The study asserts that metalled forest roads at lower elevations and closer to the forest periphery have greater detrimental effects on surrounding ecosystems than unmetalled forest roads.
Girish Agrawala, Professor, Jindal School of Art & Architecture, O.P. Jindal Global University, Sonipat, Haryana, India.
Deepika Mann, Department of Civil Engineering, Shiv Nadar University, Dadri, Uttar Pradesh, India.
P.K. Joshi, School of Environmental Sciences, Jawaharlal Nehru University, New Delhi, India; Special Centre for Disaster Research, Jawaharlal Nehru University, New Delhi, India.
Global road network has expanded at an unprecedented rate in the last century, and is needed for economic and social growth. However, the road networks through forest landscapes open it up for further exploitation and act as permanent scars on these fragile ecosystems.
This has driven greater interest in studying ecological impacts of the road networks on forest cover dynamics. Our study assessed changes in forest canopy density (FCD) using satellite-based indices, and forest fragmentation using Morphological Spatial Pattern Analysis (MSPA) for 2000 and 2016 in the Central Himalaya.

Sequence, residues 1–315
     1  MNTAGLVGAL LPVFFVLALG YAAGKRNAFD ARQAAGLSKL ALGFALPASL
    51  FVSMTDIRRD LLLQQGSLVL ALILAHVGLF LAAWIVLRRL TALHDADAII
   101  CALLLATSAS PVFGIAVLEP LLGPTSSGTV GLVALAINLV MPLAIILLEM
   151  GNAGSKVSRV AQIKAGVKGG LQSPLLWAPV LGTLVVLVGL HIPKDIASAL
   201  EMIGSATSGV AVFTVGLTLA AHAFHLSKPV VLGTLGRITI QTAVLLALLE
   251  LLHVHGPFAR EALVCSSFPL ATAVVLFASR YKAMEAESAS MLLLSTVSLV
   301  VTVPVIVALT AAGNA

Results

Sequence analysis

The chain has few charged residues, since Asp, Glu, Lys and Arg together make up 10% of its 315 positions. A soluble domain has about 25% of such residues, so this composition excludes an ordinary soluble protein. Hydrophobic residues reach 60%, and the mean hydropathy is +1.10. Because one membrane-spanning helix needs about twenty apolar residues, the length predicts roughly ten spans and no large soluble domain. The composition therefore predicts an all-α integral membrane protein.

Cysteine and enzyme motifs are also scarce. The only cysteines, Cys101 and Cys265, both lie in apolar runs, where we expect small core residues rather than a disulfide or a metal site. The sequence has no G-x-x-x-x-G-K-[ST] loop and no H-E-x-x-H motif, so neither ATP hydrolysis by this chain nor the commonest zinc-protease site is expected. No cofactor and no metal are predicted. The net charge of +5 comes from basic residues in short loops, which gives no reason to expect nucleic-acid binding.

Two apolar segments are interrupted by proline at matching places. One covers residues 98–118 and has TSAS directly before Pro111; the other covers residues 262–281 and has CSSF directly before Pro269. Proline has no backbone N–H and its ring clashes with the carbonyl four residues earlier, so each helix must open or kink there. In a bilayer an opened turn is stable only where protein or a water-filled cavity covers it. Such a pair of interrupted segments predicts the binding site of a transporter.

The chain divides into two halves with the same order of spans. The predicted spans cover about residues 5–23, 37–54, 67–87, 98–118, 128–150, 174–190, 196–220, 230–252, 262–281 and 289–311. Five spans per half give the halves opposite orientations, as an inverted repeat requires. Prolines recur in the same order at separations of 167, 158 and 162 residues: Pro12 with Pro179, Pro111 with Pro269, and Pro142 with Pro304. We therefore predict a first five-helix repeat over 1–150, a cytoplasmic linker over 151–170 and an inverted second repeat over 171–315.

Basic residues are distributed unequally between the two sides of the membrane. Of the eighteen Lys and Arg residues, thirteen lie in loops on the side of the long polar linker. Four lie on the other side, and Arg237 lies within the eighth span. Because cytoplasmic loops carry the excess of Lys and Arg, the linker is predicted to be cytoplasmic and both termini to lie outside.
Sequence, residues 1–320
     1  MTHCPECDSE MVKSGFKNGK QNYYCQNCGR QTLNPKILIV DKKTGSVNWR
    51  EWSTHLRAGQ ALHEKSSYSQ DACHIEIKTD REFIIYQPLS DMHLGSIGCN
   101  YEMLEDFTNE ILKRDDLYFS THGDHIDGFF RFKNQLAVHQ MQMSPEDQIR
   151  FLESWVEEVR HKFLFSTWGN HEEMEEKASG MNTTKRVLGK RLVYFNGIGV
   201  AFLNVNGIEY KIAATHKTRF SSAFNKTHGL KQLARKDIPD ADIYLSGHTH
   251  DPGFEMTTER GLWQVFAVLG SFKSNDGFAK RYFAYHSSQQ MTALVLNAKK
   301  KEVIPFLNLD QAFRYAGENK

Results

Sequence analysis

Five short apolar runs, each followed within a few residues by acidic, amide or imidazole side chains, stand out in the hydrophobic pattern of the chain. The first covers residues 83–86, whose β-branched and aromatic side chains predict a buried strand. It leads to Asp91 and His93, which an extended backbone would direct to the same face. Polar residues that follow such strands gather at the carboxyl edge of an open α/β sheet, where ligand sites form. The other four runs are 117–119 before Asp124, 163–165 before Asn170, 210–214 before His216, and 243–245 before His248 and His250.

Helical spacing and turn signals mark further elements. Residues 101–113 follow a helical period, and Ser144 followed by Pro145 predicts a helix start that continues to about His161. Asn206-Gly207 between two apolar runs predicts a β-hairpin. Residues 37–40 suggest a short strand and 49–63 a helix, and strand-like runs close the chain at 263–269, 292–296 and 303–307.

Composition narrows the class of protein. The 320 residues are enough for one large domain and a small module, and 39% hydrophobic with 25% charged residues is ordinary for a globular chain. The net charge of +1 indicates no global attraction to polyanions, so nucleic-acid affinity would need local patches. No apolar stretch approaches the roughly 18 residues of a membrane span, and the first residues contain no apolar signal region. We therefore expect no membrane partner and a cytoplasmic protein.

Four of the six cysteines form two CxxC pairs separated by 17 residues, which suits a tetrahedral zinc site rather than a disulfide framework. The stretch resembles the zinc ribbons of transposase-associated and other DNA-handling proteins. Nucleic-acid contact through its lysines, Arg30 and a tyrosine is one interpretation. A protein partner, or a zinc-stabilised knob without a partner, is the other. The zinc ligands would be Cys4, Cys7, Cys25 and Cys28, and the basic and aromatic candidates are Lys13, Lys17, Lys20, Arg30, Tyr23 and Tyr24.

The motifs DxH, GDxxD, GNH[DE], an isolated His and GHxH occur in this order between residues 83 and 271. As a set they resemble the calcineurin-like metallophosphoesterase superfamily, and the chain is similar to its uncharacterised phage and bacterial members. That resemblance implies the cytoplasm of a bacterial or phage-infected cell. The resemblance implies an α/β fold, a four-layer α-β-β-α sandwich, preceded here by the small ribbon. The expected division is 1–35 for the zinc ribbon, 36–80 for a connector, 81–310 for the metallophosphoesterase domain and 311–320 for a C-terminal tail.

The analysis reports reduction in areas with high FCD from 85% of geographical area in 2000 to 76% in 2016. Specific to road sites, maximum change has taken place owing to expansion of national highway (NH) 72 from two-lane in 2000 to four-lane in 2016.
MSPA results also support this argument as forest fragmentation has substantially increased along the road transects, especially NHs and metalled roads. The study asserts that metalled forest roads at lower elevations and closer to the forest periphery have greater detrimental effects on surrounding ecosystems than unmetalled forest roads.
Reason being continuous disturbance due to heavy traffic load, ease of accessibility to forest and added anthropogenic disturbances near the periphery. As ecological impacts of road network have not been mainstreamed into research and policy making in Himalaya, the findings from this study shall improve knowledge on the current status and potential future pathways of sustainable infrastructure development in Himalaya in particular and mountains around the globe in general.
Published in: Ecological Engineering
To read the full article, please click here.